Footsteps to Freedom

Lombard Historical Society
Lombard, IL

The Lombard Historical Society’s Footsteps to Freedom exhibit explores the history of the Underground Railroad by focusing on the work of local abolitionist Sheldon Peck. Peck’s 1839 homestead, the oldest house in the Village of Lombard, was a station on the Underground Railroad, and provides a lens through which visitors can understand larger themes about slavery, abolitionism, the Civil War, race, and social justice.

Through thought-provoking text, reproduction objects, interactives, and the house itself as an object, Footsteps to Freedom brings a complex national story to a more immediate local level for visitors to analyze and experience. Discussions of Peck’s life as a radical abolitionist and his home’s significance as a refuge for enslaved people on the road to freedom are skillfully interwoven with current scholarship about the history and spread of slavery in nineteenth-century America. Archival and primary sources add to the discussion of the abolitionist community in the Lombard area.

The exhibit was particularly designed to engage student groups as well as older visitors who may not have studied the Underground Railroad in school. School groups are guided through the exhibit with worksheets tailored to their level, and throughout the space, visitors are invited to interact with the material and with each other. Panels and interactives prompt them to consider questions like: What would it have been like on a slave ship? Was the Underground Railroad just secret tunnels and trap doors? Why wouldn’t Sheldon Peck have supported Abraham Lincoln? Who was Old Charley and why is there a painting of him? Where in this house were freedom seekers hidden?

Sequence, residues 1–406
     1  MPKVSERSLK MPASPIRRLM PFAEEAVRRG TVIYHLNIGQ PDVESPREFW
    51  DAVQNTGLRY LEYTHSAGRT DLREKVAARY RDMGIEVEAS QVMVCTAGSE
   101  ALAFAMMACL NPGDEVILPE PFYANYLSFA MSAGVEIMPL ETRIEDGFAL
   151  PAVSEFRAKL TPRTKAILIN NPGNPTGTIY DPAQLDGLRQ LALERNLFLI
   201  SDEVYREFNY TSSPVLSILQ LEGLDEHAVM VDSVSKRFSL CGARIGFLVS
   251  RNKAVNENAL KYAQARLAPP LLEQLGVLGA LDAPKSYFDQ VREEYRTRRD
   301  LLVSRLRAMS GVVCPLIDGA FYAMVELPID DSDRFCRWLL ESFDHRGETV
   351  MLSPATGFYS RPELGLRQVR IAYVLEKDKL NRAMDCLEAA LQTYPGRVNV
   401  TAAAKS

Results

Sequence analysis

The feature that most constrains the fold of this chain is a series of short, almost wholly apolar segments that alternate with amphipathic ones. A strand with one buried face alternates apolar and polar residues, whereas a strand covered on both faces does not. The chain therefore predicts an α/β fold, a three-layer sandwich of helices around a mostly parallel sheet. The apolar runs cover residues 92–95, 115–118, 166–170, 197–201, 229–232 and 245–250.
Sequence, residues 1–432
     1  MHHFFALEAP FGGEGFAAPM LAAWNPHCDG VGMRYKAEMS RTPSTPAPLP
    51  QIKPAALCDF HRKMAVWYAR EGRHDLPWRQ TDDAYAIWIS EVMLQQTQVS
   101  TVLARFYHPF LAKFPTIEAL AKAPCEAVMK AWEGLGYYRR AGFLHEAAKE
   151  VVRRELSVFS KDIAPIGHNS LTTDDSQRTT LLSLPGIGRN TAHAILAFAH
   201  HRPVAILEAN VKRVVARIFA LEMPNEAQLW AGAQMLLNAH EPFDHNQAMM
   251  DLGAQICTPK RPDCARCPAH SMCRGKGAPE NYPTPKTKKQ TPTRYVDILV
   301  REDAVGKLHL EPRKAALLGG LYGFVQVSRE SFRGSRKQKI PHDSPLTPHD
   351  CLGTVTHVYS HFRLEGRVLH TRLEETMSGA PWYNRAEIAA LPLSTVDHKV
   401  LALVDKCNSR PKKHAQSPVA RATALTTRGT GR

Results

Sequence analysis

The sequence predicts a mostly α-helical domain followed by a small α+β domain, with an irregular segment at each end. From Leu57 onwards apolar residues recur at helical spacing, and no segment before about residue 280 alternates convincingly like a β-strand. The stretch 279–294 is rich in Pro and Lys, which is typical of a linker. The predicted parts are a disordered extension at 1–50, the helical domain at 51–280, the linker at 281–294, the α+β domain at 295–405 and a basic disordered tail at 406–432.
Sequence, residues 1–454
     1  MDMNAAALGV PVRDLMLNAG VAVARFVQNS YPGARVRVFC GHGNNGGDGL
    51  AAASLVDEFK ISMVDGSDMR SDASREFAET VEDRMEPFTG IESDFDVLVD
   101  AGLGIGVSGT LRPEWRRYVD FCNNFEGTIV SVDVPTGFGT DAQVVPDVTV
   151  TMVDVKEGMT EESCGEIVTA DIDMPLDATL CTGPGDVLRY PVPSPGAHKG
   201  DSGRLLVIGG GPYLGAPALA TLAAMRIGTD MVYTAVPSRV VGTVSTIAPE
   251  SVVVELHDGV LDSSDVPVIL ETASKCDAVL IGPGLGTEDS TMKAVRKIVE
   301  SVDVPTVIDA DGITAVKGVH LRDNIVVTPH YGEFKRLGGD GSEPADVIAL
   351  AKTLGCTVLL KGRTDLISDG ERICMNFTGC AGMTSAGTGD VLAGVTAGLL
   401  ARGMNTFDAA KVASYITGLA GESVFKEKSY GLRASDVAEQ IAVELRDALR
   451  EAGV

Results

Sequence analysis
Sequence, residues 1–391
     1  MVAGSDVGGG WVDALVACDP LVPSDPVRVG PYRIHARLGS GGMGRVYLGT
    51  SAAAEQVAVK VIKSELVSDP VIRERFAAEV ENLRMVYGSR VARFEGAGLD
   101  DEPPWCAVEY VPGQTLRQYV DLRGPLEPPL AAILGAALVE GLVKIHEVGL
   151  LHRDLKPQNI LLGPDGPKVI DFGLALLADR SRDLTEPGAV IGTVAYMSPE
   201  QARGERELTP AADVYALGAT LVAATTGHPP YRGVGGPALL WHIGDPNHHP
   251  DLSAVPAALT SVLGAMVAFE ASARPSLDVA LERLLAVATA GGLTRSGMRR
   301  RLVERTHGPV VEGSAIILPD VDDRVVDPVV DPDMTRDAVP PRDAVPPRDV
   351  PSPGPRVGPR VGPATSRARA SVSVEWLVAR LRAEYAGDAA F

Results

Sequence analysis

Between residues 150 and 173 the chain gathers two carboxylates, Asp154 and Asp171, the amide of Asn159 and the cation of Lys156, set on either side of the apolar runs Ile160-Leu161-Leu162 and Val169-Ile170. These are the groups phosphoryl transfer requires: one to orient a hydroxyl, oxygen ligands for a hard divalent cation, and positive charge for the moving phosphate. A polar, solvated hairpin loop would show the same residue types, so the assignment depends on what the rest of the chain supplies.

In Footsteps to Freedom, the Lombard Historical Society has created a thorough yet accessible interpretation of a tumultuous time period for visitors to experience. Teachers particularly have responded positively by incorporating the exhibit into their curriculum and suggesting new ways to connect students with the material. This thoughtful and deliberate treatment of difficult history pushed the boundaries for a small house museum and re-introduced an essential story to northern Illinois.